In A Perfect World:
The Seer


by Leeanne Seaver 2012

daneDane doesn’t need rescuing, but sometimes I do.

From day one, my son Dane hated to go to church.  He missed everything that was said from the pulpit. Yet he saw more than I did so much of the time.  This is the way it is with many deaf people--and my son is deaf.  Although he proudly has his own voice, he is most definitely one of the Seers.

A deaf baby has intensely serious eyes.  He was 18 months old before we learned he couldn’t hear anything except maybe a jet plane taking off.  It seemed like we had to introduce ourselves to each other all over again. It was very frightening not to know this most essential thing about my own child.  It was like I was seeing a brand new person when I looked at him, entirely familiar and utterly unknown.  But I recognized him by his eyes...those blue planets that sustained his life.

Even with an arc of a smile underneath, my son’s eyes are usually weighty as storm clouds in a crowded conversation of hearing people.  He tries, but he can’t keep up with all the changing speakers and topics.  I see him flagging. I see him giving up.  Even if he doesn’t look at me, his eyes are always talking to me, discerning, often doubting and questioning what he’s missing.  He is one of the few people I know without words...I feel him, entirely.  It has always been like this—a sort of superpower.  And it hasn’t diminished, even though he’s grown up now. I often know what he’s thinking; what he is and isn’t saying.  His thoughts speak directly to mine.  I can’t explain this.  I guess love can be like that.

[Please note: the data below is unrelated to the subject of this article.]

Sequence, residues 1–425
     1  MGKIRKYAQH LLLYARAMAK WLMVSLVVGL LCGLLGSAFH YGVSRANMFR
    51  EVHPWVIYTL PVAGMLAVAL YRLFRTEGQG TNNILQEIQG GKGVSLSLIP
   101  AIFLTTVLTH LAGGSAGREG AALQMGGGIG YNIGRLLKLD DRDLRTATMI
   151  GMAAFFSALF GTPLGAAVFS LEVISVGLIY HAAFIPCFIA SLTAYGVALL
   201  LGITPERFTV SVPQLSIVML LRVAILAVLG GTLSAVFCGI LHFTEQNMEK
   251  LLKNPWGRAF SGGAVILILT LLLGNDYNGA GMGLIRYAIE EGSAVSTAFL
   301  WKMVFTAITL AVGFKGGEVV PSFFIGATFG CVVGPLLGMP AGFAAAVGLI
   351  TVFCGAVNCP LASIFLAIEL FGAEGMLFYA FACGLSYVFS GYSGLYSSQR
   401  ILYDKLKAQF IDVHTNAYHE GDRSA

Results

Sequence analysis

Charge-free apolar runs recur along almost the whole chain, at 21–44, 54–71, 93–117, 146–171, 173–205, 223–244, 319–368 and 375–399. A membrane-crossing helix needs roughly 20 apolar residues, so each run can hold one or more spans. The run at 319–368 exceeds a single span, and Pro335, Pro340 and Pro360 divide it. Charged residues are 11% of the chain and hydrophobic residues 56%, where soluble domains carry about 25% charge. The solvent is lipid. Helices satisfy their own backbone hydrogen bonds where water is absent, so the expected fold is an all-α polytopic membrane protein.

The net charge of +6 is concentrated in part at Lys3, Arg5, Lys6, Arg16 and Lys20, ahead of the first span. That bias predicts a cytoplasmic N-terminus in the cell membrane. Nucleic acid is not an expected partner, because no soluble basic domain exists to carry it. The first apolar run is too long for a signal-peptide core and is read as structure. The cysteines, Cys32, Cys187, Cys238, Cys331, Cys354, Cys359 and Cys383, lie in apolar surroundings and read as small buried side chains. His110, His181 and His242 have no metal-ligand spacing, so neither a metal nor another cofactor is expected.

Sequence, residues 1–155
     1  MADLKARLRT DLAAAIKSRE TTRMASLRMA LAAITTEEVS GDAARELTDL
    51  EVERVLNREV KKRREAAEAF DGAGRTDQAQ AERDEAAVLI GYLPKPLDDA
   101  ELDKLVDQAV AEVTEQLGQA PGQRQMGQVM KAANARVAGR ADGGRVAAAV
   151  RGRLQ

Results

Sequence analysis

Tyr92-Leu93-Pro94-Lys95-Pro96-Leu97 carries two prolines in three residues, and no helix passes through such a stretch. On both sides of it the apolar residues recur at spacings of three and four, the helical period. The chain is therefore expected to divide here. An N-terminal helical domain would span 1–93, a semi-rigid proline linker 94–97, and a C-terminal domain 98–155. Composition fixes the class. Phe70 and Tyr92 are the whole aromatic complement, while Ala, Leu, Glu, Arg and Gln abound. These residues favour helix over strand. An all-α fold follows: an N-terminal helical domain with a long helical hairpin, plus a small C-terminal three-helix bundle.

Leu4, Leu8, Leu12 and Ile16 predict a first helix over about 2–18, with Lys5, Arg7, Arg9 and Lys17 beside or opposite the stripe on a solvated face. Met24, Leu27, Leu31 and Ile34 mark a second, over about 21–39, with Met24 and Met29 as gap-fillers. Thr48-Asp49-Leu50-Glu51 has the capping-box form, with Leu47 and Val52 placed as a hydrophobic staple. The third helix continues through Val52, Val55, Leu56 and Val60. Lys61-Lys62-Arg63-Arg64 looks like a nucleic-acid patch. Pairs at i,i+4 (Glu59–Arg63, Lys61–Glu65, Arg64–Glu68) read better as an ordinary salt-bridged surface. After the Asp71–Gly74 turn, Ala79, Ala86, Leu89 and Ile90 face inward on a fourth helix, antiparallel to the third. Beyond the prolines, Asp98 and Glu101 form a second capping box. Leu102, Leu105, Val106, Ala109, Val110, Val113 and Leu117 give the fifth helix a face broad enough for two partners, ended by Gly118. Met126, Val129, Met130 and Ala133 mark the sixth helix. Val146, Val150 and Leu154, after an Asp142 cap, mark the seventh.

When he was little, we dragged him to Sunday school because that’s what good parents do, right?  He mostly colored pictures while the teacher told Bible stories.  He got very little out of it...for him I think it was just a different slant on "am I missing something here?"

Dane takes off on his ATV regularly for long rides through the forest near where we live. Recently, he asked me to come along so I could see the trails he’s blazed.  He knows I’m now addicted to photography, so he adds, “you can take lots of pictures in there.”  I secured my camera as best I could and clung to him as we bounced and jolted over the rough terrain.  Finally, we arrived at Dane’s favorite spot.  He showed me the fragile white mushrooms under the umbrella plants, and a spider web that hung like a necklace between trees. He reverently described how he feels when he is in that forest space with the pines tall and straight and swaying above him, the quietude on his eyes.  I said, Dane this is just another name for God.  He smiled soft and agreed.  Yes, he could see that.  He could See that.  This was a good thing between us because God has confused Dane for so answers haven’t always been his answers (that is not a bad thing).

When he was about five years old, Dane asked me if God really created the whole world—made it all up out of nothing at all.  I stammered around for a moment or two, then, as if knowing I wasn’t bringing anything he’d be satisfied with, he pressed on in a voice more defiant than curious, “If there wasn’t anything here yet, then what was God standing on when he made it?”

The only answer that's ever made any sense to me, my beautiful boy, is that God is standing on us and in Us. We are still blazing trails and discovering...still creating this world.

© Leeanne Seaver, 8/12

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